21 February, 2024

Anchored by Hope

by | 1 September, 2023 | 0 comments

By Tom Ellsworth  

The candles on my birthday cakes in recent years have been reduced to a symbolic number (so as not to set off smoke alarms), but my grandkids still urge me to make a wish and blow them out. I comply. When I was their age, I remember hoping my wish would come true, but there was always considerable doubt in that hope.  

We regularly misuse the word hope in our casual conversations. “I hope it doesn’t rain today.” “I hope we get to take that vacation we’ve always dreamed about.” “I hope the MRI results bring good news.” The hopeful statements all contain an element of doubt. 

As a result, when we read the word hope in Scripture, we naturally assume an element of doubt in the writer’s assertion. Nothing could be further from the truth. Hope as used in the New Testament is an assurance, a guarantee, a promise. And biblical hope isn’t based on something, it’s placed in Someone.  

On the wall of our home study hangs a decorative inscription of Hebrews 6:19: “We have this hope as an anchor for the soul, firm and secure.” 

Is it any wonder that an anchor was one of the ancient symbols of the Christian faith? Epitaphs on believers’ tombs dating as far back as the end of the first century frequently displayed anchors alongside messages of hope. But we need to remember that a ship’s anchor is worthless unless it latches onto something firm. The anchor can bring stability in the storm only if it clings to a solid foundation. Hope, as an anchor, works the same way. It is worthless unless secured to something firm and lasting. Far too many people anchor their hopes to the shifting sands of humanistic ideologies.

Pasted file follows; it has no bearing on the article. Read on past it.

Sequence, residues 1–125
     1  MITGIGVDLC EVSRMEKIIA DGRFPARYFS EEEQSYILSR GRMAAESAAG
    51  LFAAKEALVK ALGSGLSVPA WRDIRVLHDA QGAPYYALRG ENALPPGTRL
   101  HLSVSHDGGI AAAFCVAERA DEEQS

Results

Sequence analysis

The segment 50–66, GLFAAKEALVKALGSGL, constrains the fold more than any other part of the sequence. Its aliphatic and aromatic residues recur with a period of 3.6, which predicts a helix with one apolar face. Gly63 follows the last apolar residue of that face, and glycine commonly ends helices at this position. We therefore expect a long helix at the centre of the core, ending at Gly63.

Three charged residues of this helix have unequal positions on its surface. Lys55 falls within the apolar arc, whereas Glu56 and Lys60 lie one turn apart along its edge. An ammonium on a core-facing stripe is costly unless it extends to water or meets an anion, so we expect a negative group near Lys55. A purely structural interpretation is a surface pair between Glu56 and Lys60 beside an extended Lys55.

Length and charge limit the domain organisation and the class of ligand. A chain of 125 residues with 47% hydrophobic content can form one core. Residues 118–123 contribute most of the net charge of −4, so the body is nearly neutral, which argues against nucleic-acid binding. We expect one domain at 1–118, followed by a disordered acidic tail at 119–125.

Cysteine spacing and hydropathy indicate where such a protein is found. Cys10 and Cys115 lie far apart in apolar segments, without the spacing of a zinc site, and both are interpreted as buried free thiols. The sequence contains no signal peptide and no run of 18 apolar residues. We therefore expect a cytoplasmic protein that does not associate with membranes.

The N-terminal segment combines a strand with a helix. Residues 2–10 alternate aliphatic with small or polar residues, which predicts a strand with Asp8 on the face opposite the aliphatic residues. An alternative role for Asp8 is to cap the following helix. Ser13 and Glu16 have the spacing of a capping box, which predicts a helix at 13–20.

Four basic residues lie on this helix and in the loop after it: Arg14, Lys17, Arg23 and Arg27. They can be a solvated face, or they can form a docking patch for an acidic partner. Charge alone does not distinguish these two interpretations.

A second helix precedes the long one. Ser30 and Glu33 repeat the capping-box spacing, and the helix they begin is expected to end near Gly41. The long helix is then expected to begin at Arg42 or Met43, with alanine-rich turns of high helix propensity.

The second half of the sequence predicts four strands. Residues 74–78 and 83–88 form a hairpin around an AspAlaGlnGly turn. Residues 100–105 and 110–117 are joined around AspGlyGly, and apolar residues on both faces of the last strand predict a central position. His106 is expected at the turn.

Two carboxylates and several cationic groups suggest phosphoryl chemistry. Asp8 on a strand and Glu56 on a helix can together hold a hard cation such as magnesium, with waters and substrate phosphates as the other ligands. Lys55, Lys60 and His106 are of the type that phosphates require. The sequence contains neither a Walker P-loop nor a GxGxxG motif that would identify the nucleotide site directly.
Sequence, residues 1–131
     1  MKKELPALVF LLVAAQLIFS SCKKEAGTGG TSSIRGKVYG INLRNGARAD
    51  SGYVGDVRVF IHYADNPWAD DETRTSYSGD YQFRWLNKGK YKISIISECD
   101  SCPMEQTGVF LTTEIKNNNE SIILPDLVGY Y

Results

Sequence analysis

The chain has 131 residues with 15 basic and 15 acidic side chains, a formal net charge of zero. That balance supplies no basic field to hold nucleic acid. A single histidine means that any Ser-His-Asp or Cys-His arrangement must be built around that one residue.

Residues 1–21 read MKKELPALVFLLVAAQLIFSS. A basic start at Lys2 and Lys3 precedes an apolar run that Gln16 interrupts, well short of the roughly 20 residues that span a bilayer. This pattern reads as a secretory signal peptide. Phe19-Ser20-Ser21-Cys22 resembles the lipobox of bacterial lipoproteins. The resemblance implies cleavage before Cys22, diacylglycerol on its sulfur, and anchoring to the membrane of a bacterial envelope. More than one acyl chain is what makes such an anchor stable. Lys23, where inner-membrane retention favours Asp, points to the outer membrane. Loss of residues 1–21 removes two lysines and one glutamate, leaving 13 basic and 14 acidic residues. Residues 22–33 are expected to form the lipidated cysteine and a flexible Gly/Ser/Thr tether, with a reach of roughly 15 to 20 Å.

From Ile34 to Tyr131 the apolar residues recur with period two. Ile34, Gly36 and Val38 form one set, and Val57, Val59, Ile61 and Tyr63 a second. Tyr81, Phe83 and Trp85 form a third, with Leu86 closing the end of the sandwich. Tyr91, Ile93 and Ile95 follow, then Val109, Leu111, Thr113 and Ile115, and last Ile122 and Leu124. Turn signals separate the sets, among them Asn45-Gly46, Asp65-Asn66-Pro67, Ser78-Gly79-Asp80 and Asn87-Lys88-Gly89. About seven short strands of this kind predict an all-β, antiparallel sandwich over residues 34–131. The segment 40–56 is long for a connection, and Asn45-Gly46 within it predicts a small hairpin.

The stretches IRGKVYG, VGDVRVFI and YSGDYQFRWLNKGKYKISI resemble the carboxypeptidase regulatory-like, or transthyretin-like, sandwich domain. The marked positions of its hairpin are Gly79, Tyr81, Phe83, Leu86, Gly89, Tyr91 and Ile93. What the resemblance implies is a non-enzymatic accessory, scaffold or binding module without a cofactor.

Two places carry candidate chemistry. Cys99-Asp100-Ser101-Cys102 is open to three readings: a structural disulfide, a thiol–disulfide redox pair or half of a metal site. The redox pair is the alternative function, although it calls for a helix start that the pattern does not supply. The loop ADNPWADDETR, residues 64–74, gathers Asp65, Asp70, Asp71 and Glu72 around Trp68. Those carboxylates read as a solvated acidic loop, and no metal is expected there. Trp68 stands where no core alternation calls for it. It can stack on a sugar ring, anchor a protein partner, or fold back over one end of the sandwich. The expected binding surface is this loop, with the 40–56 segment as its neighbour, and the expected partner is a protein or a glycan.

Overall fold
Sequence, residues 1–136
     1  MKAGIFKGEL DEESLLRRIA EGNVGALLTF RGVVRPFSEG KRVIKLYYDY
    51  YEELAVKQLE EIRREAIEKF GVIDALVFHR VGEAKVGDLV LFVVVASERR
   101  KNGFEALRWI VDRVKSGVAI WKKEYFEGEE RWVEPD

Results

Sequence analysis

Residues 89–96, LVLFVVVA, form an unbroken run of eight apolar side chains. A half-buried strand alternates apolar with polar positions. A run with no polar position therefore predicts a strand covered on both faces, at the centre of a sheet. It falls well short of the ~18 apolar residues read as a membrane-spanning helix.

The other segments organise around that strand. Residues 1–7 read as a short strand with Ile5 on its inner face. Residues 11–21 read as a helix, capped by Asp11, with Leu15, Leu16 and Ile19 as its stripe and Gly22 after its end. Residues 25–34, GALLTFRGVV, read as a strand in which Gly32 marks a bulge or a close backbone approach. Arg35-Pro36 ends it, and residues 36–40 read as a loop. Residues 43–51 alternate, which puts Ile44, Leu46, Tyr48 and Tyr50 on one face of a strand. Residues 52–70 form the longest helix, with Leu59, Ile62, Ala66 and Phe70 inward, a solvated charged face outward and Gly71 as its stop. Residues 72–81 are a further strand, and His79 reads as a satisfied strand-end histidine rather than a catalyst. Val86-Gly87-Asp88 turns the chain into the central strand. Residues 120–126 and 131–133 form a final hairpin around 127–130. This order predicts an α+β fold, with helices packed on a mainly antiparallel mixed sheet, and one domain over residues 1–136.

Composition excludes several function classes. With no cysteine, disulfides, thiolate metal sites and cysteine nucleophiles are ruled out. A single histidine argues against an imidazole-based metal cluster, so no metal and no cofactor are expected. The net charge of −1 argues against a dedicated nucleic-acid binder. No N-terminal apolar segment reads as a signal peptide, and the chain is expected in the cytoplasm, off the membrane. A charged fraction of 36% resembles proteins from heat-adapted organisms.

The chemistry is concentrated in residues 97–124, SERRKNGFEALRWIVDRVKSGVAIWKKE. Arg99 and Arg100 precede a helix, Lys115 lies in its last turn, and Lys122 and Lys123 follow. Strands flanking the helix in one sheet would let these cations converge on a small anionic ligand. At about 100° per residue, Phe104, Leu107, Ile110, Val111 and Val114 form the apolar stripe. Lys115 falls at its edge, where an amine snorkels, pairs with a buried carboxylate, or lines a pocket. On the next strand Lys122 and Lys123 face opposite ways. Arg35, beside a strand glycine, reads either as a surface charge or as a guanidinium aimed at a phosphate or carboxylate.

If your hope is anchored to a Marxist worldview, you’ll find yourself drifting in godless waters. 

If your hope is anchored to an evolutionary, random-chance beginning, you’ll find yourself floating through life without lasting purpose, wondering why you exist.  

If your hope is anchored to mere religion, you’ll find yourself bobbing in a sea of doubt.  

 But if your hope is anchored to Jesus Christ, the “Rock of Ages,” your faith will remain strong despite the world’s influence. When life’s storms rage, it is our hope anchored in Christ that keeps us grounded. Hope anchored in Jesus brings confidence, changes the way we think, and gets us through life’s toughest challenges. Bereavement specialist Carol Kodish-Butt wrote, “Hope is not about everything turning out okay; it is about being okay no matter how things turn out.” <<ABBY, if you need to cut something to make this article fit on 2 pages, please cut the previous quote.>> 

Why is hope so important? 

Hope Squelches Fear  

Where there is no hope, universal fear dominates. Our culture is handicapped by multiple fears, from hydrophobia to claustrophobia. We fear economic chaos, joblessness, social unrest, random shootings, open borders, teenage pregnancies, drug addiction, broken homes, unexpected disabilities, incurable diseases, and being left alone in this world without the one we love most. It’s no wonder we live in fear. But perhaps our fears are exaggerated. Many years ago, in his book Scared to Life, Douglas Rumford cited a study that explains why fears shouldn’t dominate our lives: